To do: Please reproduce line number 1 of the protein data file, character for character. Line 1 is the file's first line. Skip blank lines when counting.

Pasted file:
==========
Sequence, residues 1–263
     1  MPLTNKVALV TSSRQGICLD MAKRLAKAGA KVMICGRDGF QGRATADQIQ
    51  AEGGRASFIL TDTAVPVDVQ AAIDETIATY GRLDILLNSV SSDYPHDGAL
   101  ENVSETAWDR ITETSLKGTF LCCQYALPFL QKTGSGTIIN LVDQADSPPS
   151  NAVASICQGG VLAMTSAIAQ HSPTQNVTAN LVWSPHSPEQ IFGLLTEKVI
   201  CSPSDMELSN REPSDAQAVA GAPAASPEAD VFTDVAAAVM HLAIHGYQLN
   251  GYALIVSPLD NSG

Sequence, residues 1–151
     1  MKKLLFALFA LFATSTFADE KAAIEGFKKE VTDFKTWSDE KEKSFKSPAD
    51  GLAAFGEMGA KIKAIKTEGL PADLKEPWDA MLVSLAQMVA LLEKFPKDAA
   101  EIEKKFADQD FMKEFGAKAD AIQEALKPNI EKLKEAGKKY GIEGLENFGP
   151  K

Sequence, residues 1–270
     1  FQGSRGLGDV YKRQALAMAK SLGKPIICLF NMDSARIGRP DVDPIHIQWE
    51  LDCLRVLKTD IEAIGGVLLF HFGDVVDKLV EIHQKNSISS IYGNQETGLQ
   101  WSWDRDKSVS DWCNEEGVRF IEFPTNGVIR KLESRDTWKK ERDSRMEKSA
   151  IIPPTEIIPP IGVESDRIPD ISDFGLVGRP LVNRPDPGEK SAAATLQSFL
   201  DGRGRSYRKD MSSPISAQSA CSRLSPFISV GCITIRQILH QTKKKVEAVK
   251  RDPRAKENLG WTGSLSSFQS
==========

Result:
Sequence, residues 1–263